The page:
Global oil markets have been roiled by a surprising divergence between the world’s major benchmarks, Brent crude and its U.S. counterpart, which in recent days have traded at odds with one another, wrongfooting investors betting on the exact opposite.
Traders worldwide have been struggling to make sense of where oil prices are headed, juggling countervailing signals from major producers Saudi Arabia and Russia on the path for future OPEC supply, against renewed U.S. sanctions on Iran and Venezuela’s ongoing economic crisis.
The market expected OPEC, led by Saudi Arabia, to add to global supplies as sanctions reduce Iranian exports in coming months. But instead of bringing Brent closer in line with U.S. crude, the opposite has happened, roiling both futures trading and key physical grades.
On Thursday, U.S. crude futures traded as much as $11 below Brent, the deepest discount since early 2015. Traders say the tide of light sweet crude from the United States is threatening to swamp the global market.
That whipsawed traders in the last several days, as hedge funds and other money managers raised their bullish bets on U.S. crude in the week ended May 22 – while cutting long bets on Brent, the opposite of what has ended up happening.
“The market doesn’t know where the price of oil is going to be and probably doesn’t know where it should be, and so it’s open to some major price fluctuations,” said Richard Hastings, an independent analyst in Charlotte, North Carolina.
U.S. exports reached record highs of over 2.6 million barrels a day this month, as cargoes of light, sweet shale have muscled into refineries around the world, from China to northwest Europe.
Around the Atlantic Basin, Angolan and Nigerian crudes, both staples for Chinese and Indian refineries, are now selling slowly, undercut by U.S.-linked grades, traders said.
A swathe of maintenance at some of Asia’s large refineries means big buyers are not pushed to take cargoes of crude right now and can afford to be choosy, when so much is on offer. Independent Chinese refineries, known as teapots, have even started reselling cargoes of West African crude to buy cheaper Brazilian or U.S. oil, according to traders.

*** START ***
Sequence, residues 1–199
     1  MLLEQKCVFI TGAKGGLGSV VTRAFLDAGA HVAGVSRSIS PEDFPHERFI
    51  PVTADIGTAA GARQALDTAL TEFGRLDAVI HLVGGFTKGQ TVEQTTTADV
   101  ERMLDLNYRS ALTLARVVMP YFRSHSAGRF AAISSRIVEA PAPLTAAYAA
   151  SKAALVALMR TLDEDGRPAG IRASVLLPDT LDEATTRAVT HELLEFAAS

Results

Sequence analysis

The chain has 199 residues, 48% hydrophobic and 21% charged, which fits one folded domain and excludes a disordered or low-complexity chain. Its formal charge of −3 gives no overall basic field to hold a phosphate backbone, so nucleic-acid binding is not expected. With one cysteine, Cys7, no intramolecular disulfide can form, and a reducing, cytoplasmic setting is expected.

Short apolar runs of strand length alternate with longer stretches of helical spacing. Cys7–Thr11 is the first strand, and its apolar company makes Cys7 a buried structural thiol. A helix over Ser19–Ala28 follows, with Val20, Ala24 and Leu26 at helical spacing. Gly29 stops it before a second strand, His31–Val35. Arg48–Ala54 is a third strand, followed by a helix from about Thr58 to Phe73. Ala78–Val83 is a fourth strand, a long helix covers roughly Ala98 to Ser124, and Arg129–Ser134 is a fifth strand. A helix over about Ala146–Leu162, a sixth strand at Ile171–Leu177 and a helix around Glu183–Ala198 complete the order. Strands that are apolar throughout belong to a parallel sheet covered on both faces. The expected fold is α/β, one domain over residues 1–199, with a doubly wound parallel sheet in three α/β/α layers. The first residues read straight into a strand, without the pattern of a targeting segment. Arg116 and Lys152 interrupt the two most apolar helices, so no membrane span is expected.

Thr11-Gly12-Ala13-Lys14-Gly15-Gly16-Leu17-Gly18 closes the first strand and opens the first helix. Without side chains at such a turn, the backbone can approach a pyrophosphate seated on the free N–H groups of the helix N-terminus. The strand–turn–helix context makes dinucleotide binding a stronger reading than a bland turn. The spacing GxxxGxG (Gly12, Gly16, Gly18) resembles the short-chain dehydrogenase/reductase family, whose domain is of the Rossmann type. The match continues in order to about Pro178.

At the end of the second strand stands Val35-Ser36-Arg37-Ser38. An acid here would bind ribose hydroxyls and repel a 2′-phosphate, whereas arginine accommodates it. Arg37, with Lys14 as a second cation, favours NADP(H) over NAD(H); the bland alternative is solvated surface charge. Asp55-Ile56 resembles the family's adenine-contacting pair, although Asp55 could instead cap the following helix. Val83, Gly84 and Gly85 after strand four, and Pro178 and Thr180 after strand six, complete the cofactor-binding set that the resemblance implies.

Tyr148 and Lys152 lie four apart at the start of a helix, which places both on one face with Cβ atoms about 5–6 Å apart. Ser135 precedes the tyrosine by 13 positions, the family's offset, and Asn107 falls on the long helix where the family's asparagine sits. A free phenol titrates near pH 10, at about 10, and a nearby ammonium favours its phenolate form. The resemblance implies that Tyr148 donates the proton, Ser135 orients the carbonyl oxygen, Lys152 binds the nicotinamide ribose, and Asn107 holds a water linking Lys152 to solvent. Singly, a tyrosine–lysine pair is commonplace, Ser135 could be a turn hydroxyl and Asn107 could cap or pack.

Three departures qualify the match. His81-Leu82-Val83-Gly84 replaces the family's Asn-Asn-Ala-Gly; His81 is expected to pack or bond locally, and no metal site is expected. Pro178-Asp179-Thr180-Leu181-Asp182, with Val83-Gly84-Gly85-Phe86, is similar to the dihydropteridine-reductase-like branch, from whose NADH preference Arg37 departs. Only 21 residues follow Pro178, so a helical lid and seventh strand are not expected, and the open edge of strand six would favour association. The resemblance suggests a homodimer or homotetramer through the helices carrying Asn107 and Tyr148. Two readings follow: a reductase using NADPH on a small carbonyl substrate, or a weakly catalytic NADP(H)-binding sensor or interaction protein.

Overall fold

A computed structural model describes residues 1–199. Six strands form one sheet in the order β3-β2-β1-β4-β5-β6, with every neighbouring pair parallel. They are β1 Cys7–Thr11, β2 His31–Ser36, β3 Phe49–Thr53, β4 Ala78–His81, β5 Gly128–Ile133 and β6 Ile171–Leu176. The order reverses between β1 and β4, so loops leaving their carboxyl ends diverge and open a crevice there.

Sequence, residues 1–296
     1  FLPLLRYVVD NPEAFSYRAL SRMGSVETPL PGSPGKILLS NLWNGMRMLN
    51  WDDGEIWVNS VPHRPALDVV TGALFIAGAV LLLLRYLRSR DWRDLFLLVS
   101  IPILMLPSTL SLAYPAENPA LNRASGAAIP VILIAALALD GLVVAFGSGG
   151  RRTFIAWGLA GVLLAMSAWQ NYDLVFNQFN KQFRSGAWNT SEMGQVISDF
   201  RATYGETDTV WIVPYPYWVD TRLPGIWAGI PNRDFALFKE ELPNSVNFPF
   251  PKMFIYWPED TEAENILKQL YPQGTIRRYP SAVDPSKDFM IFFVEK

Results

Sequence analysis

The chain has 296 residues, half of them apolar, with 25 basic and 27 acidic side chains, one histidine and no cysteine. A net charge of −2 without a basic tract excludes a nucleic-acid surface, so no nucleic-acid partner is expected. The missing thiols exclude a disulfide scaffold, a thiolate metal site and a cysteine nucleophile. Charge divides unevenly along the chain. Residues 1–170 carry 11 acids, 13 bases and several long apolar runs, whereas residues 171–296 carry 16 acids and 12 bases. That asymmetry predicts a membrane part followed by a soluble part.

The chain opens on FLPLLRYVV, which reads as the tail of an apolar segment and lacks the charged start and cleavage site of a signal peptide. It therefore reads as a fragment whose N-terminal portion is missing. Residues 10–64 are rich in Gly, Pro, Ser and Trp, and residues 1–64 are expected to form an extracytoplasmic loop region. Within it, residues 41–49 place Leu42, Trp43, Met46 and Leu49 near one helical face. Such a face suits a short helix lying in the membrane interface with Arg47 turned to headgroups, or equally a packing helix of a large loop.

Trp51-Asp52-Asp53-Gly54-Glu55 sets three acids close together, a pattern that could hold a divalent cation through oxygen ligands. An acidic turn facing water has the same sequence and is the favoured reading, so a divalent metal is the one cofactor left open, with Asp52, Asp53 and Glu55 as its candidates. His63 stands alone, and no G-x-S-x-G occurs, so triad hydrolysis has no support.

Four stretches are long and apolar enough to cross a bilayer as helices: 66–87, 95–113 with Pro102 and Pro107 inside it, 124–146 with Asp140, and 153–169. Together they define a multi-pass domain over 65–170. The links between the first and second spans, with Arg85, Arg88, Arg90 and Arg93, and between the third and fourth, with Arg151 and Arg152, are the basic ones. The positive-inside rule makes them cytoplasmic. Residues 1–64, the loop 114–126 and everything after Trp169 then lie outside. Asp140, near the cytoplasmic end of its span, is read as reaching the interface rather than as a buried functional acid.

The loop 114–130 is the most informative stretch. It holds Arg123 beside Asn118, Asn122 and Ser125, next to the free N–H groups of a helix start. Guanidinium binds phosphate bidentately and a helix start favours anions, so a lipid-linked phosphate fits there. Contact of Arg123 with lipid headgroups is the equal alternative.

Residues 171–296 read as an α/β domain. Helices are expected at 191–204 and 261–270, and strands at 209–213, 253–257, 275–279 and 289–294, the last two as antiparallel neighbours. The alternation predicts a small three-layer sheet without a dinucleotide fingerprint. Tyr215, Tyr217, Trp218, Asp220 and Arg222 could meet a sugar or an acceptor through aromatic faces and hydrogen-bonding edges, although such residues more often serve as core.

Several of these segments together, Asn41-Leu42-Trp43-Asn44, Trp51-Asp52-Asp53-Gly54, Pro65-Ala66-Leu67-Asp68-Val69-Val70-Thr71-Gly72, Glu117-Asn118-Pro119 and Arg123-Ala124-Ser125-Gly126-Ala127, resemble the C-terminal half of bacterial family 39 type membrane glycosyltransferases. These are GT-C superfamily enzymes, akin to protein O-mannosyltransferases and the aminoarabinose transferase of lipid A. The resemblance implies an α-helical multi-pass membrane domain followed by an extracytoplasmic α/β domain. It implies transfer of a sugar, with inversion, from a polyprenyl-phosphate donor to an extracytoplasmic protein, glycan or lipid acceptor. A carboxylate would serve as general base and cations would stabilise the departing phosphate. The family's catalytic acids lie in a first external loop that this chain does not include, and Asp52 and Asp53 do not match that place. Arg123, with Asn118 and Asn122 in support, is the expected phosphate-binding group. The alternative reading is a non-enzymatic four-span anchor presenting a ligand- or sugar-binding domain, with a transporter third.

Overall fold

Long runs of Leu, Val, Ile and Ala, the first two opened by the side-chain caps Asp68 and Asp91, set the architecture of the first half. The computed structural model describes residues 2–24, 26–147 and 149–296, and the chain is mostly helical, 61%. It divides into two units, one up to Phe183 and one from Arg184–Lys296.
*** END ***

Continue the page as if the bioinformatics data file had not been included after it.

U.S. crude futures are being pulled down, in part, by the oil glut in the Permian shale basin, which currently produces more than 3 million barrels a day – nearly one-third of U.S. crude production, which hit a new record of 10.5 million bpd, according to U.S. Energy Department data released on Thursday.
“This was inevitable. There was way too much production growth for infrastructure to handle,” said Vikas Dwivedi, global oil and gas strategist at Macquarie in Houston.
Physical prices for these trapped crude grades such as WTI at Midland are now at their weakest levels in three-and-a-half years, trading as much as $13 below benchmark U.S. futures. That translates to a $23 to $25 discount to Brent.
But coastal U.S. grades are trading at multi-year highs, illustrating the demand globally for U.S. barrels. Coastal sour Mars traded at its strongest differential in more than three years on Thursday, while prices for coastal benchmark Light Louisiana Sweet were at their strongest differential in more than three years on Thursday.
LLS traded on Thursday at $9 more than U.S. futures – making it nearly comparable to Brent crude.
The European market has seen a sudden increase in the amount of crude stored on ships, often a sign of an oversupplied market, and that has pushed the North Sea grades that underpin the Brent price to multi-month lows, another reason the Brent futures price should have aligned itself more closely with U.S. crude.